We’ve all felt at one point or another that we’re being attacked for the way we choose to raise our children.
What are the mommy wars?
Mommy wars start with barbed
comments made by mothers over the choices other mothers make. It could be about
cloth or disposable nappies, breast or bottle, dummy or breast for soothing,
pram or baby wearing, co-sleeping or not, natural birth or c-section.
Read more: Baby food battles - the mommy wars
It is a pretty endless
list. Mostly these wars are about
personal choices on what works for one mom, baby or family.
Why are people so mean?
Hurtful remarks are
often made because of the speaker’s own insecurities and feelings of failure. Other
times, an innocent remark can become twisted in the recipient’s mind because of
their own feelings of inadequacy or guilt.
Mostly, people are just
making general conversation with no intention to be mean, even if it
unfortunately comes across the wrong way.
But then, you get
those who get up each day and make it their goal for the day to be as nasty and
miserable as possible.
The big one, of course, is breast vs formula
The thing is,
sometimes a mother is just sharing a special moment on social media, or mentions
something she had set her heart on doing and achieved. Say she posts a picture
of herself breastfeeding – it is almost guaranteed that among the supporting comments
there will be a comment or two about how the commenter’s own child was formula
fed and is intelligent, good at sports etc. and how dare this mother
shame this other mother by posting her photo.
All this tells me is
that this commentor has a huge chip on her shoulder and reads a lot more into
an innocent picture than is there.
Read more: Embrace the 'mommy wars'!
I have both breast-
and formula fed and the amount of nastiness I’ve been exposed to has been quite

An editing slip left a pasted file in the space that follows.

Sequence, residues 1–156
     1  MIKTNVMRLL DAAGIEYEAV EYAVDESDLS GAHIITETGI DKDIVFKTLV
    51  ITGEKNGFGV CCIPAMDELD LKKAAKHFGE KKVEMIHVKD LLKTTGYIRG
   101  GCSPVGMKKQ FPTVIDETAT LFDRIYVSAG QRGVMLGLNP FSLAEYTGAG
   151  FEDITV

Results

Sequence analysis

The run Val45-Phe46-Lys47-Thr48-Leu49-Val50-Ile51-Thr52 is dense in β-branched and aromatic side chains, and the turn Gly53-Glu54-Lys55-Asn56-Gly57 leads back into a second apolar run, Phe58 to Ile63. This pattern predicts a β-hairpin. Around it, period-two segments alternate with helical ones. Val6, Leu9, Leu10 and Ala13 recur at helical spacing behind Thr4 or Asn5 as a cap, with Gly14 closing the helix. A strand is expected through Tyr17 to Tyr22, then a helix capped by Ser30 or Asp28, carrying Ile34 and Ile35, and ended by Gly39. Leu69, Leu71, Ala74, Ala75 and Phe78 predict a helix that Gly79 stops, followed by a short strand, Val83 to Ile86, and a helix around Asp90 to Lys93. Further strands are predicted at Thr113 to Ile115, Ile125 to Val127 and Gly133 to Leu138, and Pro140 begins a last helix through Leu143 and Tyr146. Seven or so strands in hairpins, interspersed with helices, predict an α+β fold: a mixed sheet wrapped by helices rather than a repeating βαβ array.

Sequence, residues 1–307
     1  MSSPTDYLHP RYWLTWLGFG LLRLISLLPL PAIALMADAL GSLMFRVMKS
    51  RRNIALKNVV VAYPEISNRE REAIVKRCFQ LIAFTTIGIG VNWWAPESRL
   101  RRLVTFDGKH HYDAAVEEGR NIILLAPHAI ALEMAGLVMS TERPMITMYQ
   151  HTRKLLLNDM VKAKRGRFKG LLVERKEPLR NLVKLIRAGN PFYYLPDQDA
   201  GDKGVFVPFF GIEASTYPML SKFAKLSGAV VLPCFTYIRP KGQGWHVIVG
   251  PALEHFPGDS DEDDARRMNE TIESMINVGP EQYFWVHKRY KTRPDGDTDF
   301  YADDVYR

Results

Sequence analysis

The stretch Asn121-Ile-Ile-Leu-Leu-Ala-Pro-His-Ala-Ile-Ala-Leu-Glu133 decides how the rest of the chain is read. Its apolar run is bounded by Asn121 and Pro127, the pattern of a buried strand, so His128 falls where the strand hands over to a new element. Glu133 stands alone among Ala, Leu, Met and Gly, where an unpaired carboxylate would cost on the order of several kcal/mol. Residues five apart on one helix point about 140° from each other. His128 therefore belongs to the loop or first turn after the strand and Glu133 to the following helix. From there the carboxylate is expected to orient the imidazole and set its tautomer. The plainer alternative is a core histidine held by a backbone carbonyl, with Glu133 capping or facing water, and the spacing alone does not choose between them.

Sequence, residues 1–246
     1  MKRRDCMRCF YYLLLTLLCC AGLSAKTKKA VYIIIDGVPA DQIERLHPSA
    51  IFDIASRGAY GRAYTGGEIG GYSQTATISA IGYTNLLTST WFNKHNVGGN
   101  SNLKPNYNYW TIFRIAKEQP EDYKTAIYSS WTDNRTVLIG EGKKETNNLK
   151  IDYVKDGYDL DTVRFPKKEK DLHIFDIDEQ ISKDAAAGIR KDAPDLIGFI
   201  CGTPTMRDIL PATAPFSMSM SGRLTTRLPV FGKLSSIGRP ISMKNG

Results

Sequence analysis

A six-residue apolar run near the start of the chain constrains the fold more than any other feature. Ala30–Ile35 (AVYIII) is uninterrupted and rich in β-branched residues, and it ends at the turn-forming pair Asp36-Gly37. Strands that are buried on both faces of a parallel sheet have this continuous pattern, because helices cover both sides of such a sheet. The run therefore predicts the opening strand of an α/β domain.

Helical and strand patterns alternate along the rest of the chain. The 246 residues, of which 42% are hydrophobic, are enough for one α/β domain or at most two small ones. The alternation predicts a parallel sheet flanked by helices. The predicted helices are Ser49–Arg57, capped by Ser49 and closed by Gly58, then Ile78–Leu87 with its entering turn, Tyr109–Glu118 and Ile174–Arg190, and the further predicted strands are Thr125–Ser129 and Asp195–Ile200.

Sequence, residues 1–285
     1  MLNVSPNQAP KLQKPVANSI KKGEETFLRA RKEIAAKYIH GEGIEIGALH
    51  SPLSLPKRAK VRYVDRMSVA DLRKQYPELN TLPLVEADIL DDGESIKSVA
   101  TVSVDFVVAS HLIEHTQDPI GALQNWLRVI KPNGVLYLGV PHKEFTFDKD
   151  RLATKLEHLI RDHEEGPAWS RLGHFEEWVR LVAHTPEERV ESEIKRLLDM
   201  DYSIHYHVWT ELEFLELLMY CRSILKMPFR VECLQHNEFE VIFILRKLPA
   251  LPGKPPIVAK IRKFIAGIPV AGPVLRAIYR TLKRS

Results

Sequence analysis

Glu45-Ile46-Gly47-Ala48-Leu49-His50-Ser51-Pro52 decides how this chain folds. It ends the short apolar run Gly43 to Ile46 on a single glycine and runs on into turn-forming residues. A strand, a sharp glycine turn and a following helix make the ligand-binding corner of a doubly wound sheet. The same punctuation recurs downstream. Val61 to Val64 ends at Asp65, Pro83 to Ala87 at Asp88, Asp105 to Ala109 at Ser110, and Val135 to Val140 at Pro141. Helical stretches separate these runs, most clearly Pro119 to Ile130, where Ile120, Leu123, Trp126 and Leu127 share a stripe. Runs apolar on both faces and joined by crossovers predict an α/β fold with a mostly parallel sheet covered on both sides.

astounding. I’ve had elderly ladies march straight up to me while I was formula
feeding and tell me I was harming my child (personally I think starving him
would have been more harmful, but there you go).
I’ve had people tell me I’m making them feel guilty and should therefore not
feed in public. I’ve been stared at, had “sies” yelled at me, and when someone
asked if it was possible to breastfeed an adopted baby and I answered that it
was, but with a lot of effort, I was met with “here we go with the pushy
I suppose it all comes
down to someone taking offence where none was intended because of their own
personal feelings. Very few insults were deliberate, and when they were, they
were very clearly deliberate. Yelling “sies” and glaring at someone can’t
really be misconstrued.
I try to never
deliberately upset another mother, as we are all doing our best, and I try my
best not to take offence to what other mothers say and do – as usually it is
about them and not about me.
All in all, perhaps we
all need to take a step back. Unless someone actually says, “I think you’re a
bad mother because you don’t parent like I do,” perhaps they aren’t actually
criticising you (or me).
And if we see someone
doing something differently, perhaps we shouldn’t offer help unless they
expressly ask for it. And moms, if you ask a question, let’s not attack those
who answer it.
Have you ever deliberately said something to
upset another mother? Let us know at email@example.com.